Yesterday, February 19, was my due date. The feast of St. Philothei of Athens (who we had the wonderful opportunity to venerate her relics in Athens, Greece when we were there two years ago). Back in early June 2004, when I found out I was pregnant, I was so excited to learn that Feb. 19 was my due date because of St. Philothei. And I thought that maybe, if the baby actually was born on its due date, and it was a girl, we could consider the name Philothei. Then, I miscarried in early August (I was ten weeks pregnant). I had a previous miscarriage, before I was pregnant with Pavlos (that was at eight weeks), that was difficult (they all are) but then I became pregnant with Pavlos right away and my focus was on the baby that I was carrying and not on the baby that I lost. Now, I am not pregnant again and I am going through lots of thoughts about this baby that isn't... at least in this world. And I like to think it might have been a girl. And I like to think that her name is Philothei and that she is praying for us in the heavenly kingdom. May God protect us and have mercy on us!

Monday, February 14, 2005

An answer to a comment or books, books, books

I would also be interested in learning what books you have read, and are reading in this 'team.' Especially those books that have helped you (or others on the committee) to better understand or clarify the Faith for you. Also, if you feel that some books have been more helpful than others will you please note those. –Herman-Layne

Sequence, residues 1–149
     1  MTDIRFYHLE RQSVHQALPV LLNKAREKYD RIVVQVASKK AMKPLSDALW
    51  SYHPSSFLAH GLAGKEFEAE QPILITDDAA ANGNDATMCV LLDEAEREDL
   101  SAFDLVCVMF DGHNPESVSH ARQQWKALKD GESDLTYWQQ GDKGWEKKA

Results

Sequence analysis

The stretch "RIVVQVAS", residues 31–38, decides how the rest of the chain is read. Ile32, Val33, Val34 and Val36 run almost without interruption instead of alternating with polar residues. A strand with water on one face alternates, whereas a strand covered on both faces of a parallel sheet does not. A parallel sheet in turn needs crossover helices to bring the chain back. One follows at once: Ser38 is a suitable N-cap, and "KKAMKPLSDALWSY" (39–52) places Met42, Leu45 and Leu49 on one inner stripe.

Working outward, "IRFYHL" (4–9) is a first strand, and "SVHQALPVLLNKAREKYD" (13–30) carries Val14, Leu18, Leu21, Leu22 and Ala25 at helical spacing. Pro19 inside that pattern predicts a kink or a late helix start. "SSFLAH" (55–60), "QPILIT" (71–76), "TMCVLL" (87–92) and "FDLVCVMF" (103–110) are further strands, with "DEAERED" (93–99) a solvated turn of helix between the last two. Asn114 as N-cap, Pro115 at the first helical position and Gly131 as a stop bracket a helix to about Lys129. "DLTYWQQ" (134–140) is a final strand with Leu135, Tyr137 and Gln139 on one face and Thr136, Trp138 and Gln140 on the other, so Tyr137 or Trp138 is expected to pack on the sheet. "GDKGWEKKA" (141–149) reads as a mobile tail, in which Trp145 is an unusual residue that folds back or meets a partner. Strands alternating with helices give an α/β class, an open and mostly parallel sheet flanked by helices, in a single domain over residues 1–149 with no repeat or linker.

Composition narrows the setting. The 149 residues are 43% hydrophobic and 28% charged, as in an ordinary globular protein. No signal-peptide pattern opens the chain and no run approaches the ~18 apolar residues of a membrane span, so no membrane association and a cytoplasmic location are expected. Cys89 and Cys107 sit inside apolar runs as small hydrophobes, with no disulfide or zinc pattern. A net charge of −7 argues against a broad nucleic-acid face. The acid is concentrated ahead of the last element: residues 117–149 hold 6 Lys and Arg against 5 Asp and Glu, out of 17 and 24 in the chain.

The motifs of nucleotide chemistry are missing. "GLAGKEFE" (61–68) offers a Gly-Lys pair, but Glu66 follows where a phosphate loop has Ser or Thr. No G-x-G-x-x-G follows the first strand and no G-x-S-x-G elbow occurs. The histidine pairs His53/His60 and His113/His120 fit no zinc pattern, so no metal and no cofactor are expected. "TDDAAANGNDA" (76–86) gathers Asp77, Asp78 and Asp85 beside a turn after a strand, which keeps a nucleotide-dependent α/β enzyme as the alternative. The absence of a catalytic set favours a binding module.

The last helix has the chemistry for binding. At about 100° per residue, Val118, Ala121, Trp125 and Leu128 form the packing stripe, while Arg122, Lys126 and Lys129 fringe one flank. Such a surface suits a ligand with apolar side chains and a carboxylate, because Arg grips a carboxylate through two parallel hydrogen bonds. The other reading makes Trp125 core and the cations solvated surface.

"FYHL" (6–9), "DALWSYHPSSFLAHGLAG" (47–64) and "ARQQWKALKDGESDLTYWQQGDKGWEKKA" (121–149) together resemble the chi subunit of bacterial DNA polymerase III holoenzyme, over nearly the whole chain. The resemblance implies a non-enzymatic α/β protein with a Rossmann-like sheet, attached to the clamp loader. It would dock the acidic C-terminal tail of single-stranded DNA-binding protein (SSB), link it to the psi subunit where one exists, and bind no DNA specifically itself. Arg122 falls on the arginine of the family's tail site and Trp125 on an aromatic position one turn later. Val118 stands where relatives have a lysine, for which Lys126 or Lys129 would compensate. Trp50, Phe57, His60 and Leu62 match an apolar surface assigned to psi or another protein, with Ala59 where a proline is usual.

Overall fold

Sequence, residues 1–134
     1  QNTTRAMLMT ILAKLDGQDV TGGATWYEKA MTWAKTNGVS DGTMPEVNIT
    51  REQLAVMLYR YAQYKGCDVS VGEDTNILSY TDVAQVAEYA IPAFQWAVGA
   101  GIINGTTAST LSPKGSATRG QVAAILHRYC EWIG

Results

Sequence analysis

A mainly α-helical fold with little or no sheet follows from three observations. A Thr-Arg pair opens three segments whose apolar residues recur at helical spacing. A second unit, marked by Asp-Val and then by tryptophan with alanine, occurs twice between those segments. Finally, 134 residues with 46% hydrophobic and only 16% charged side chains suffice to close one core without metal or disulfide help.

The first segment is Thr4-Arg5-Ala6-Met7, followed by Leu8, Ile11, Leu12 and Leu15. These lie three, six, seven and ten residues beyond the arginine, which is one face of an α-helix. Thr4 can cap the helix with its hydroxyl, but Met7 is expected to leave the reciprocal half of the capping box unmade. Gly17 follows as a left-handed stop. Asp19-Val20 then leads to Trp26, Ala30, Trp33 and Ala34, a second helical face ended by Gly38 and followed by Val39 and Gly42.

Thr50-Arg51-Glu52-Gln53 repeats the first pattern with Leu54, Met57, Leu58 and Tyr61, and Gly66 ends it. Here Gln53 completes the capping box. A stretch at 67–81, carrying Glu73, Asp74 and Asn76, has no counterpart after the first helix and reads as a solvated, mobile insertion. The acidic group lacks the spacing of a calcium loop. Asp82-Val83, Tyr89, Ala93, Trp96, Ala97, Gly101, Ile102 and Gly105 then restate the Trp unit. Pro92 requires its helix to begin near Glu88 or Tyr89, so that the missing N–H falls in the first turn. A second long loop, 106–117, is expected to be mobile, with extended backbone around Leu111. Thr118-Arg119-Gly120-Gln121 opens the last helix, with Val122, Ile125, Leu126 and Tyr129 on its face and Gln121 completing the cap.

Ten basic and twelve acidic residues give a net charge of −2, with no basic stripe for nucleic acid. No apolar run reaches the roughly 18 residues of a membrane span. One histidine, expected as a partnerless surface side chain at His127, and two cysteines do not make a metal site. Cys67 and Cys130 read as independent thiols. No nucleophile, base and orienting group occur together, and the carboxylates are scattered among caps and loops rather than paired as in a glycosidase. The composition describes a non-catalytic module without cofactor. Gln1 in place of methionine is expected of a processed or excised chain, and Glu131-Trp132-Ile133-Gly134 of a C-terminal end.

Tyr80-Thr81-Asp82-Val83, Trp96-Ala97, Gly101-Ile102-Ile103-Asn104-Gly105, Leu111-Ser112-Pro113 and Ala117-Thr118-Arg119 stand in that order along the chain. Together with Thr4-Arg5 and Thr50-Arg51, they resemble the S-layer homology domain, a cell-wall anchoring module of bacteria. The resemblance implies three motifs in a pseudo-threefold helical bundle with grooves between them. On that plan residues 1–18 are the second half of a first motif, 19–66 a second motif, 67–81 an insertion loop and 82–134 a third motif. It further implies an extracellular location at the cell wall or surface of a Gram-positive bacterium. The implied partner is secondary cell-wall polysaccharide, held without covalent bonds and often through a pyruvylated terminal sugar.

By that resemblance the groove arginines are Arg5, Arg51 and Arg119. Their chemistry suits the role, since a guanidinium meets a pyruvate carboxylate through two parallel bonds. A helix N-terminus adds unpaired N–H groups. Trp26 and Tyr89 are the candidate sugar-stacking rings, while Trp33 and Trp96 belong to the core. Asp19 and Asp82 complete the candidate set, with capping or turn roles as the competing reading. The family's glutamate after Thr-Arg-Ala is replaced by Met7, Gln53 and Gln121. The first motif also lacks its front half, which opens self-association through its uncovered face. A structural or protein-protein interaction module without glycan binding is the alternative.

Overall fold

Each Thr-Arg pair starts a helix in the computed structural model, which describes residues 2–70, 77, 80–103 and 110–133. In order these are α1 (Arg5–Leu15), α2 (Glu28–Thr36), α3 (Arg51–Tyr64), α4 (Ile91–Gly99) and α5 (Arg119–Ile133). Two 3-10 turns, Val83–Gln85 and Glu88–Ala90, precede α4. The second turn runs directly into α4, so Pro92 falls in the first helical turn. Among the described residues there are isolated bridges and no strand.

Please forgive me for being so long away from this blog. Real life gets in the way of everything else, sometimes, doesn’t it?

Herman-layne asked for a listing of books we have read as part of the Great Commission Team. When we started out, Fr. T. had us read a bunch of books to get into the spirit of missions and evangelism and to learn more about our faith. These are the books:

The Precious Pearl: The Lives of Sts. Barlaam and Joasaph by St. John Damascene
This is a wonderful book, not one (at least for me) to be read quickly. St. Barlaam answers St. Joasaph’s questions regarding Orthodoxy (when he was a catechumen). Very good. And the sections are fairly short so I was able to read one question and one answer at a time in order to (attempt) absorb it better. I am definitely a lives of the saints kind of gal v. deep theology.

Orthodox Alaska: A Theology of Mission by Fr. Michael Oleksa
From the beginning, we knew (as a group) that our focus would be on Orthodoxy in America. So you will notice that we read some lives of saints and this book. Now, I actually did not read this book, my dh, Paul, read it and took notes and gave them to me. But I did read all the other books! And I know that this should be an excellent book because Fr. Oleksa is an excellent speaker. This is on my list to read…